Similarly in the context of China’s art practice, the acquiesced existence of a mainstream value precedes practice that either agrees with it or goes against it. It follows that artistic practice is often divided into binary oppositions of the radical and the conservative, the contemporary and the traditional, the progressive or the unenlightened, the institutional and the non-institutional. This time, we juxtapose the so-called contemporary art with other artistic creation and productive forms in our exhibition. The latter include but not limited to theater, documentaries, films, internet culture, subcultures, literature, and debates in thought. In seven chapters of the exhibition, “Prelude: The Lonely Spirit in An Old Building”, “The Other Shore: Experimental Theatre, New Documentary and the Sixth Generation Film”, “Off the Shore: Urban Film”, “Sex/Politics: Literature”, “Divide: Intellectual History in the 1990s”, “Rear-view Mirror: Legacy and Translation”, “Condensing Lens: Reification in New Realities” and “Parallel Universes”, we look at the 1990s and the last couple of years in the new millennium. We try to provide a slice of arts through which we can observe it in terms of its position in the new period of China, its attributed values, and the efforts made by innumerable individuals. We wish to explore how the cultural and political roles shared by these creative and productive forms change, if they have abundant inner impetus and questioning, and what kind of dialogue they maintain with the authority. We raise the issue of mainstream value in arts neither because it is embarrassing or hard to prove, nor because it possesses absolute power. In fact, in contemporary art and other fields of artistic production, it is not unusual to see works and reflections that take advantage of the so-called mainstream resource and mechanism. There is also no lack of ambition or desire to create new mainstream value, nor is returning to the mainstream camp from its opposite side a rare thing. Raising the issue is not a mere exposure of our “inner shame”. We hope to outline the area where arts and authority can achieve mutual toleration in a special historical period, and within this area of mutual toleration, describe the inner impetus and critical power of arts.

Mainstream value often leads to feelings of anger, or triggers the emergence of a new order or desires. Last year, in the middle of Beijing’s cold, somber winter, tens of thousands of people were forced out of their homes in a mass eviction. This year, in Shenzhen’s hot, humid summer, new seeds are germinating—demonstration camps are becoming diversified, crowds clarified, anxiety is surfacing, and problems are growing acute and refined. Art, along with other forms of artistic production, repeatedly collides into mainstream value at the crossroads in history, provoking power of creation and reflection.

Curators' Bio

Dai Jinhua, lives and works in Beijing. Graduated from the Department of Chinese Language and Literature at Peking University, she taught in the Department of Film and Literature at the Beijing Film Academy for 11 years. She started to teach at the institute of Comparative Literature and Comparative Culture in Peking University since 1993. She is Distinguished Professor of Humanities, Peking University, Director of the Film and Culture Research Centre of Peking University. Her research area includes film, mass media and gender studies. She offers dozens of courses including Intensive Film Studies, Chinese Film Cultural History, Theory and Practice of Cultural Research, Gender and Writing etc. She has lectured over ten countries and regions in Asia, Europe and North America. She has published more than 10 monographs. Her monographs and papers have been translated into English, French, German, Italian, Spanish, Japanese and Korean. Representative works include: Scenes in Fog (2000), Film Criticism (2004), Invisible Writing (1999), Yesterday's Island (2015), Gendering China (2006), and etc.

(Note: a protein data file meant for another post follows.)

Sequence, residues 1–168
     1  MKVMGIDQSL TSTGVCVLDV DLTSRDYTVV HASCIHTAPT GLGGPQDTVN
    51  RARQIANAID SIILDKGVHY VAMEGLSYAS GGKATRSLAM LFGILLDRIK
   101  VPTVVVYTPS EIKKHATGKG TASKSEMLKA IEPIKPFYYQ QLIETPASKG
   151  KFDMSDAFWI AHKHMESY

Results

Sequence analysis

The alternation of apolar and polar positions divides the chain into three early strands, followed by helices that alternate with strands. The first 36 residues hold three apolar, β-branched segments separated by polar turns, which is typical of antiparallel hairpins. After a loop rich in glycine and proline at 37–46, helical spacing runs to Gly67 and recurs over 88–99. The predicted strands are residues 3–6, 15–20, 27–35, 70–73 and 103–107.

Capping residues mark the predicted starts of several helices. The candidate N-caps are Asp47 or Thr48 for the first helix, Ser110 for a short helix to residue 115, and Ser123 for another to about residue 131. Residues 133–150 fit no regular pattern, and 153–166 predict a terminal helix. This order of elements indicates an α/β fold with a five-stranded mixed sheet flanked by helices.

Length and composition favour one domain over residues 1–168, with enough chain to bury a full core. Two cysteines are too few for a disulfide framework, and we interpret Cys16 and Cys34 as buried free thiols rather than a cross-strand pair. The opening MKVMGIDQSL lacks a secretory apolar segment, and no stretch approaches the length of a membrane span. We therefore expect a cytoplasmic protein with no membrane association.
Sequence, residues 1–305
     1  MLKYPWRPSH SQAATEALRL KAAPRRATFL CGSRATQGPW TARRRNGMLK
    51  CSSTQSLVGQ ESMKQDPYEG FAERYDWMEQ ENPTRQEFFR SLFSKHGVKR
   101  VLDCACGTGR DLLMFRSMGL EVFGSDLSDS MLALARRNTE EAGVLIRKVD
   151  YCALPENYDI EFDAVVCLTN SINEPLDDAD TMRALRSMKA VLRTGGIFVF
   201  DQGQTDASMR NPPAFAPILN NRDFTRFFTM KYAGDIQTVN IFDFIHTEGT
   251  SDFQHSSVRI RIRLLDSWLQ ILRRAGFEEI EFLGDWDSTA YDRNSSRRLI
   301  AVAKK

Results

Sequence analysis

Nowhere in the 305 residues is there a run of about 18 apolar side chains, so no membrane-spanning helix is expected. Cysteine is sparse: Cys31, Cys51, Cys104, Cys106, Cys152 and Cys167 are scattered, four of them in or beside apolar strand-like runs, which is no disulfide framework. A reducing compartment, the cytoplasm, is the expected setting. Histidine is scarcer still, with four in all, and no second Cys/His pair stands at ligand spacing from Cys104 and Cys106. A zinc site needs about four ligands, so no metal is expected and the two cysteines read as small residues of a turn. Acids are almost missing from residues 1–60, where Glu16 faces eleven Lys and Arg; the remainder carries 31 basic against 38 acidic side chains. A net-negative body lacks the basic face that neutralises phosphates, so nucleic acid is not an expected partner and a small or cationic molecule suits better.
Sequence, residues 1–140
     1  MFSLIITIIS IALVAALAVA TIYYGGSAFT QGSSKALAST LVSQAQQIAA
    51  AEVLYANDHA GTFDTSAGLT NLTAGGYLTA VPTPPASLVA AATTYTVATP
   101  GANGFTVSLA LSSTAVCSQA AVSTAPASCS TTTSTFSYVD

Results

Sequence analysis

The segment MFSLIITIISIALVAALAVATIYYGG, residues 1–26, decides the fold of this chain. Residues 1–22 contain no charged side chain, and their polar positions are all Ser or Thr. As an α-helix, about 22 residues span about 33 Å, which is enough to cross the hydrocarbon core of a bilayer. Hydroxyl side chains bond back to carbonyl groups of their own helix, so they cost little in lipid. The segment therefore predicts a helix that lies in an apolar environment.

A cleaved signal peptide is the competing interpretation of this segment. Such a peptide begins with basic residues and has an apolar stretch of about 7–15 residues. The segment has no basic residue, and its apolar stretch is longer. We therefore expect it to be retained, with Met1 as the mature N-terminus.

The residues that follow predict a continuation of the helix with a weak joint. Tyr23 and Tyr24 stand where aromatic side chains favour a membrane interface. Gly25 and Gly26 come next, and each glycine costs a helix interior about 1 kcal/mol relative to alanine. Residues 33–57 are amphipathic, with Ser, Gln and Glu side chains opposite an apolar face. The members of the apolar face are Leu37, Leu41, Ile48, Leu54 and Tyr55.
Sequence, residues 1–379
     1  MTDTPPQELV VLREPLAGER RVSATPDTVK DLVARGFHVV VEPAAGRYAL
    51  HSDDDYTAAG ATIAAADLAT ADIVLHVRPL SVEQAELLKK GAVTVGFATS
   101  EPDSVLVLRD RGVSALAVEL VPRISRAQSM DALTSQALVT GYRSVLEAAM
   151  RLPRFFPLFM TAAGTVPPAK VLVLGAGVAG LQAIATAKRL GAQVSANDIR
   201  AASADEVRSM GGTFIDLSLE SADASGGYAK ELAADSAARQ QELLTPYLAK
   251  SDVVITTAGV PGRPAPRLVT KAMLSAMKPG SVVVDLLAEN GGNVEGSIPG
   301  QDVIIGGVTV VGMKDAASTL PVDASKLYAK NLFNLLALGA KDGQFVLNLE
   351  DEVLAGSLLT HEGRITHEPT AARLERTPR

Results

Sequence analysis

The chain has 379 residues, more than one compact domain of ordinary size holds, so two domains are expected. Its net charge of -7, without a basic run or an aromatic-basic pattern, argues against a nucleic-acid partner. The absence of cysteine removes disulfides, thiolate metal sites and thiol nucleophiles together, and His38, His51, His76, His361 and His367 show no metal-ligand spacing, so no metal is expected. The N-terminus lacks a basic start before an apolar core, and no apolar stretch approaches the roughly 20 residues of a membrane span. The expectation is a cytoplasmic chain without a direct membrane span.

Su Wei is a curator and art critic based in Beijing. He is the Senior Curator of Beijing Inside-Out Art Museum. He participated in the 2012 Curatorial Intensive at Independent Curators International (ICI) in New York. In 2014, he was awarded first place at the first International Awards for Art Criticism (IAAC). His curatorial projects include: 7th Shenzhen Sculpture Biennale (OCAT Shenzhen, 2012) No References. A Revisit of Hong Kong Media and Video Art from 1985 (Videotage HK), 2016, Permanent Abstraction: Epiphanies of a Modern Form in Escaped Totalities (Red Brick Museum Beijing, 2016), Crescent: Retrospectives of Zhao Wenliang and Yang Yushu, etc. In 2015, he participated in the symposium Dislocations: Remapping Art Histories at Tate Modern, London. His recent work focuses on thick-description of China’s contemporary art history, excavating its legitimate origins and rupturing nature.

Assistant Curator's Bio

Yang Tiange, born in 1993 in Henan, China, graduated from the Fudan University with a bachelor of arts in English literature, and the University of Melbourne with a master of art curatorship. He is Associate Curator and Director of Art Residency Program at the Inside-Out Art Museum, Beijing.